2007 — 11 May: no more House room?

With Christa's pending surgery I find myself unconvinced that the Hugh Laurie vehicle "House" is fully appropriate viewing, let alone something that will help me sleep any better. There was a time when I used to devour medical books (not to mention all those fascinating Reader's Digest articles [usually] by JD Ratcliff with titles like "I am John's knee" — or worse) but, just lately, I've been made too well aware of the things that can go wrong with what her surgeon described (perfectly seriously) as "the dustbin with a hosepipe casually tangled up in it".

Perhaps I'll change my mind if the sun ever re-appears.

What can you say about chocolate covered manhole covers?

About as much as you can say about a water butt delivered at 2 a.m. by lads from a lorry en route back to their depot in Leeds. It was deposited across the front bit of "garden" and then distributed almost to our neighbour's by the odd bit of wind, and is now minus the tap at the bottom that stops collected water from leaking out. It, too, will need a fair amount of floor-grovelling contortion to fix, being well over a metre deep. However, I was woken this morning not by this curious delivery but by Mr Amazon's gentle tapping while She was already out beyond aural range in the back garden seeing to this latest toy. (I'm the one who has to saw a hole in the gutter's down pipe to plumb it in, of course. That will be a personal first.)

Here comes the sun

I used to own1 a 1967 novel by JT McIntosh — "Time for a change". While I admit the use of the (then terribly futuristic) data70 font and the attractive semi-nudes on the cover played a small part in my buying decision...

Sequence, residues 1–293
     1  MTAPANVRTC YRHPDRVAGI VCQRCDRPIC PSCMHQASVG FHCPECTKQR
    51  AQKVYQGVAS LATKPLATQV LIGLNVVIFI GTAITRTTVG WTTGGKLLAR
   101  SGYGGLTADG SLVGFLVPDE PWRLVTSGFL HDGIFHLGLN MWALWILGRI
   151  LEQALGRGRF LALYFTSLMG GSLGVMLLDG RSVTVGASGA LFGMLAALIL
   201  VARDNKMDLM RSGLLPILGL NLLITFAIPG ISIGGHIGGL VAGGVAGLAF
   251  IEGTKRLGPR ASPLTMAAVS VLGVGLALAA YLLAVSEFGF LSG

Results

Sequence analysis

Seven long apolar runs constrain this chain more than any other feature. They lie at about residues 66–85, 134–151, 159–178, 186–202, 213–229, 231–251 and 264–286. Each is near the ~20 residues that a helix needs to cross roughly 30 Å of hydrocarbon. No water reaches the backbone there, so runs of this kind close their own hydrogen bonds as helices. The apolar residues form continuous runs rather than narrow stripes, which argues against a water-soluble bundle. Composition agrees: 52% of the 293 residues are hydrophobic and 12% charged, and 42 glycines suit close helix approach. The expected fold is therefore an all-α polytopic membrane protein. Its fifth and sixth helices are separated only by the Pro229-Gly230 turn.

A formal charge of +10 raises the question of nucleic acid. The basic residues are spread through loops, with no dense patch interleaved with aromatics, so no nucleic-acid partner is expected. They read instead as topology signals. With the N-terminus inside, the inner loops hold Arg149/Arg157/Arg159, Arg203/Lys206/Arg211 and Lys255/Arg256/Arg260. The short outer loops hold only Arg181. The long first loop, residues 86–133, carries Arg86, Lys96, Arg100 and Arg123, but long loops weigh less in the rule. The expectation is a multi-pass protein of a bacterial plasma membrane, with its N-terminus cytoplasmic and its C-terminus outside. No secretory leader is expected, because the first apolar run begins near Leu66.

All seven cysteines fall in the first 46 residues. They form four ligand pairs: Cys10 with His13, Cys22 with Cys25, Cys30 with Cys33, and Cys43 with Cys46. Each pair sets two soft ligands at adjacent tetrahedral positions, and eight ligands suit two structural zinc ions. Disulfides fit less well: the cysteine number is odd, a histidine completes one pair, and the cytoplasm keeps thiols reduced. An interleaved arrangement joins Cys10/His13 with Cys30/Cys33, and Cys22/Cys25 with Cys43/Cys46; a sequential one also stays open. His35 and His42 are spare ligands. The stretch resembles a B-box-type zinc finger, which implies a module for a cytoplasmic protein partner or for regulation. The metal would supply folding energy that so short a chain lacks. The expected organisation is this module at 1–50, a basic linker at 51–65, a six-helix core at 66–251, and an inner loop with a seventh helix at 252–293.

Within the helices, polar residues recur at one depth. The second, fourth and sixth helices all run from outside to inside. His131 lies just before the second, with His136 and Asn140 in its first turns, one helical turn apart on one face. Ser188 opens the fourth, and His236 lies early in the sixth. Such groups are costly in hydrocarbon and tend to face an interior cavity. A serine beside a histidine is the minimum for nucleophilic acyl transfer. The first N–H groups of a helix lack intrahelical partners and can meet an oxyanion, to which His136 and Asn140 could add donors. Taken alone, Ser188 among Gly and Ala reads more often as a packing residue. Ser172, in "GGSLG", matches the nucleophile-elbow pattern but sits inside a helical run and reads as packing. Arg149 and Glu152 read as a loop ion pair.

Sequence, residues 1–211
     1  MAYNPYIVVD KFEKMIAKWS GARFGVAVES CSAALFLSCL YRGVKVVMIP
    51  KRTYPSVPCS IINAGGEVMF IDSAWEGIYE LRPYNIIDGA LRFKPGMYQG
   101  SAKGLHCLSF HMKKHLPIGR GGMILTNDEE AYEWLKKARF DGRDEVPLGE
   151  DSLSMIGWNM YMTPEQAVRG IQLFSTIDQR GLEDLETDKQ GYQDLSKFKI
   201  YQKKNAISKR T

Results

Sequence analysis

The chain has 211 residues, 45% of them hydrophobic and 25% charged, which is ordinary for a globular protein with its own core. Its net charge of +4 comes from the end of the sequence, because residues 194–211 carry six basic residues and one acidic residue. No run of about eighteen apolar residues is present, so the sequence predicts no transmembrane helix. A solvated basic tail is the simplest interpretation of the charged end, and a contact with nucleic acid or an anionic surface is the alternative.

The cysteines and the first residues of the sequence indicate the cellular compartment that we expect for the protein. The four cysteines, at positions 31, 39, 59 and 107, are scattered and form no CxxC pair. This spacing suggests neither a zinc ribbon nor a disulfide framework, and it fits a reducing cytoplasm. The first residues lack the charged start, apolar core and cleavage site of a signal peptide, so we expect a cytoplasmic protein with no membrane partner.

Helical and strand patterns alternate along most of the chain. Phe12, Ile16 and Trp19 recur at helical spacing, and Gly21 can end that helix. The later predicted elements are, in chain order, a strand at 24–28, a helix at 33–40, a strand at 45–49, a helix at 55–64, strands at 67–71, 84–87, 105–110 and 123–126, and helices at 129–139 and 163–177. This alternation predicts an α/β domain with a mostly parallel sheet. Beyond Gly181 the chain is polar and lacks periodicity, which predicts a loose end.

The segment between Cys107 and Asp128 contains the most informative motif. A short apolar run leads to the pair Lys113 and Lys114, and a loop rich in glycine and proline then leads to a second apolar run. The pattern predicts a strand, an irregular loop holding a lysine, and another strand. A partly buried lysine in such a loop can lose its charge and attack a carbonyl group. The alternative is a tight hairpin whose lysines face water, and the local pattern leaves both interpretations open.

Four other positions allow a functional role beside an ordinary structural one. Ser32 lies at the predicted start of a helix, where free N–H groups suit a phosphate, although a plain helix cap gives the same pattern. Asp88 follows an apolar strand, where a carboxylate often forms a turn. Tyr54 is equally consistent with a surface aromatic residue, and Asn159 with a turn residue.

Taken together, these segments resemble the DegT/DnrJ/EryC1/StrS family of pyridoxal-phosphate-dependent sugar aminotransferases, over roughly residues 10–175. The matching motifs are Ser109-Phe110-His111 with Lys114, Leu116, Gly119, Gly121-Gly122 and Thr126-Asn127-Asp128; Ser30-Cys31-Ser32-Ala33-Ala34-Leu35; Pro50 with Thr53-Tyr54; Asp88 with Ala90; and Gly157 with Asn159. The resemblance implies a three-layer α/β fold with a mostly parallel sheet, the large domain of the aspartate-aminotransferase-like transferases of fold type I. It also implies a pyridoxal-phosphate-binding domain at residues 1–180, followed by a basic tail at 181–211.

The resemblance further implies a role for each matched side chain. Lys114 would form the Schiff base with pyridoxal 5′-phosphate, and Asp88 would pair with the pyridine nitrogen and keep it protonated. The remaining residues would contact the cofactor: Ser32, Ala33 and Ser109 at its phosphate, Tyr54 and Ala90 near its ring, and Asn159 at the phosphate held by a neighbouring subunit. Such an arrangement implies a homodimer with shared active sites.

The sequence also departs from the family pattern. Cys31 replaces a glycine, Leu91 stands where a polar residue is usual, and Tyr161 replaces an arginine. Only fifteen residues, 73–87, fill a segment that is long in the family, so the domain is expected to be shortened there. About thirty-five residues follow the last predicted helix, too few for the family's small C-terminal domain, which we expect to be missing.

...they played little part in the plot which, as I remember, concerned visitors from the future. Their clothing, however, was "intelligent" and capable of changing colour, protecting the wearer, and so on. Today's Guardian reports on Juan Hinestroza, a chemical engineer at Cornell University, who is briefing the US military on his ideas for clothing incorporating nanotechnology for much the same purpose. Albeit at around $10,000 per square yard. (I wonder how many nano-particles there are to the square yard.) Is there nothing new under the sun?

While Mrs Google was helping to show me an image of that long-discarded paperback by the way, one of the interesting byways took me to these reminiscences of early influential SF reading, and reading habits: Paul Barnett (aka John Grant). More here.

Cat on a hot tin roof... department

That Amazon delivery (of a wodge of Truman Capote material) reminded me of another Southern writer, hence the heading. And the photo-opportunity drawn to my attention by She who must be adored a couple of minutes ago proves irresistible:

Casper 1

Casper 2

Say hello to Casper!

Seeing the (Silver)light... department

Junior, in the course of a telephone enquiry into the state of his mother's health, admitted that he likes the look of what he's seen so far of that Microsoft Silverlight gubbins.2 Perhaps, one day, he'll explain it all to his tired old Dad? In other family news, one of my favorite3 cousins (the lawyer in Brum) is getting hitched to her fellow hockey player. We're accordingly off to our first "civil partnership" ceremony, and looking forward to it immensely. The couple in question have been an "item" for many years, and we love them both dearly.

Shops etc?

Amazon and HMV yielded:

Day 189  


1  I too cull my shelves occasionally, Geoff!
2  I installed the Beta, and then played the hi-def introductory movie... (25MB for 1 minute 36 seconds!) Technically, I'm neither wiser nor better-informed, but it did show some very modern-looking 3D user interfaces — somewhat akin to those in Minority Report but without carving wooden spheres!
3  I like all my cousins, though there are some I have not seen in the proverbial coon's age. (Are you still there, Jayne?)